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Nature: The Latest Architecture and News

Florence Experiment To Show How Watching Movies Impacts Plant Growth

Courtesy of Michele Giuseppe Onali
Courtesy of Michele Giuseppe Onali

Throughout the spring and summer of 2018, the Palazzo Strozzi in Florence, Italy will host a new site-specific project seeking to further our understanding of ecology, and the relationship between humans and the natural world. “The Florence Experiment” will connect internal and external spaces of the famed Renaissance palace through two separate experiences: an intertwined set of 65-foot-high (20-meter-high) slides, and a “live analysis” of the impact of human emotion on plant growth.

The Florence Experiment has been devised by German artist Carsten Höller and plant neurobiologist Stefano Mancuso, with the vision of turning the Palazzo Strozzi’s façade and courtyard into engaging areas of scientific and artistic experiment. Inspired by the Renaissance alliance between art and science, the project aims to create a new awareness of the way we see, understand, and interact with plant life.

© Martino Margheri Courtesy of Michele Giuseppe Onali © Martino Margheri Courtesy of Michele Giuseppe Onali + 8

MVRDV Releases Alternative Proposal for Taoyuan Museum of Art

MVRDV has released details of their alternative design for the Taoyuan Museum of Art, an entry for an international competition ultimately won by Riken Yamamoto & Field Shop. The MVRDV scheme, developed in collaboration with JJP Architects and Planners, seeks to become a nature-centered cultural destination, transforming the area into a “cherry room for the city.”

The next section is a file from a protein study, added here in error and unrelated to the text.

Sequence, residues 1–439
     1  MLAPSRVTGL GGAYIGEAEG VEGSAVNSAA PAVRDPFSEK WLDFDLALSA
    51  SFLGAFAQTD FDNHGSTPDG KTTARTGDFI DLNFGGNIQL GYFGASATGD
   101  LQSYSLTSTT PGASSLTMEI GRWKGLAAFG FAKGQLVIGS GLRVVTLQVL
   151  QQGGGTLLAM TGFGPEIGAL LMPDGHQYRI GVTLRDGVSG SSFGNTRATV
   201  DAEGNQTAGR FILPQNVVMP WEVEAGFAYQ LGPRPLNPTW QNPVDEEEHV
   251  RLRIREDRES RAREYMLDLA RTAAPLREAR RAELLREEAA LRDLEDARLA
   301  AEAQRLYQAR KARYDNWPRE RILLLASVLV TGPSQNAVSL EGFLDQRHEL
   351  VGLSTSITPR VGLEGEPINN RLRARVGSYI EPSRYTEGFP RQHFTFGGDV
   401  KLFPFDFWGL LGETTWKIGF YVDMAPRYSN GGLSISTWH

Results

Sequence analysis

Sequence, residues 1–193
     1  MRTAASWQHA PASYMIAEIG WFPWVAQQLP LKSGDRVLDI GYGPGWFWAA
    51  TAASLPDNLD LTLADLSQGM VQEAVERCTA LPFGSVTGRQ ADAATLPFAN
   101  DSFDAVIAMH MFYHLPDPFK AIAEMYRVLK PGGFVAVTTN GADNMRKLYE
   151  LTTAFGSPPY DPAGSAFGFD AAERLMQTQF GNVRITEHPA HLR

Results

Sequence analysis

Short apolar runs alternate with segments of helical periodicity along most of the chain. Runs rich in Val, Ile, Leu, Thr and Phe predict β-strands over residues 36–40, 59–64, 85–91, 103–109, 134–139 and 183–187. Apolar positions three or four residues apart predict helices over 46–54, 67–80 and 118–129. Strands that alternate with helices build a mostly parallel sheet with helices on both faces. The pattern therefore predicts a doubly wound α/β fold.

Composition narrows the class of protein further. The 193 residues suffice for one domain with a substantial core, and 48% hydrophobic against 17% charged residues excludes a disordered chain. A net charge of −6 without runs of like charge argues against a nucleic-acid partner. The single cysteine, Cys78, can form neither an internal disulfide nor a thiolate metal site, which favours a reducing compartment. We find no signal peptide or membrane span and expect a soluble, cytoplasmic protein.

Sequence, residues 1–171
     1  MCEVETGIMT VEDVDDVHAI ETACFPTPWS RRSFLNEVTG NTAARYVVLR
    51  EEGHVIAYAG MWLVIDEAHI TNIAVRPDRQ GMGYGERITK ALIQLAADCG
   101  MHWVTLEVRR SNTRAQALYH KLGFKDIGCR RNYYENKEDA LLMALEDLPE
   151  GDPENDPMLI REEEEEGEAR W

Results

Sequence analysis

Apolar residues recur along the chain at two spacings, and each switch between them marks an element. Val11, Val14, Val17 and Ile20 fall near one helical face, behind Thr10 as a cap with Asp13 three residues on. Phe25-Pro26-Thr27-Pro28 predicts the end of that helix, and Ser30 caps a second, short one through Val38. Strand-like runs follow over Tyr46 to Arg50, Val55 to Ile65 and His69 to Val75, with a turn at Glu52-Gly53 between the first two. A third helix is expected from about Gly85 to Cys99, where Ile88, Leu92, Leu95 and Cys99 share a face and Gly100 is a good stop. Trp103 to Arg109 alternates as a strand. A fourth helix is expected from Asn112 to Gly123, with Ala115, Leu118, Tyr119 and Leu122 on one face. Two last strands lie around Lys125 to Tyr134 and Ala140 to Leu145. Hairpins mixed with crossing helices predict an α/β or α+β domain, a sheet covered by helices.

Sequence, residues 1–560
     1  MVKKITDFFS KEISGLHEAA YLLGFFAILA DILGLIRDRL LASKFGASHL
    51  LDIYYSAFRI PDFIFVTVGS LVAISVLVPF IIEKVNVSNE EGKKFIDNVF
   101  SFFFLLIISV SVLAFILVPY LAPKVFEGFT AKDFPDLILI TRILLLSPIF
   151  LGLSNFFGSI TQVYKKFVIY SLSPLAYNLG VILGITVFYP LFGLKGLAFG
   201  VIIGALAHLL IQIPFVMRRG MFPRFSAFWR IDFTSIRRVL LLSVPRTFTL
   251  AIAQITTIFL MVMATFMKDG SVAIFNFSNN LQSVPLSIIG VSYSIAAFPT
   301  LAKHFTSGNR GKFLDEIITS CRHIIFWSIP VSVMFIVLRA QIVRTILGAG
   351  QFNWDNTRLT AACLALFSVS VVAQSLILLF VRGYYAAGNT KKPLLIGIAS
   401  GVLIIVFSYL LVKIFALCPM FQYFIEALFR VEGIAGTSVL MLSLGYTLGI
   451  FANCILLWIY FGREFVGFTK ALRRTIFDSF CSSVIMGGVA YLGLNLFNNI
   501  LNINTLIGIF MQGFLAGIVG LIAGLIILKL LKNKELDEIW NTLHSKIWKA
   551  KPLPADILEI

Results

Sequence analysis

Throughout the design process, MVRDV drew inspiration from the natural world, recognizing the potential for public spaces in the rapidly-expanding Taoyuan City to blur the boundaries between the built and natural environment.

Courtesy of MVRDV + JJP Courtesy of MVRDV + JJP Courtesy of MVRDV + JJP Courtesy of MVRDV + JJP + 8

Nordic Pavilion at the 2018 Venice Biennale to Explore Nature's Relationship to the Built Environment

As part of our 2018 Venice Architecture Biennale coverage we present the proposal for the Nordic Pavilion. Below, the participants describe their contribution in their own words.

Finnish architect Lundén Architecture Company has been chosen to design the Nordic contribution to the 2018 International Architecture Exhibition in Venice. Eero Lundén’s proposal, entitled Another Generosity, explores the relationship between nature and the built environment.

The goal is to explore new ways of making buildings that emphasise the delicate but often invisible interactions between the built and natural worlds.

Sou Fujimoto and Coldefy & Associés Propose a Sweeping Canopy for French Court House

Sou Fujimoto and Coldefy & Associés Architects Urban Planners’ proposal for a pale sweeping canopy enclosing a stacked glazed volume was among the four finalists for the new Palais de justice in Lille, France organized by the Public Agency for Justice’s Real Estate (APIJ). Though the competition drew 139 international proposals, from which OMA was ultimately selected, Fujimoto and Coldefy & Associés' graceful structure was designed to house the high and district courts as well as public spaces within a facility in dialogue with its natural surroundings.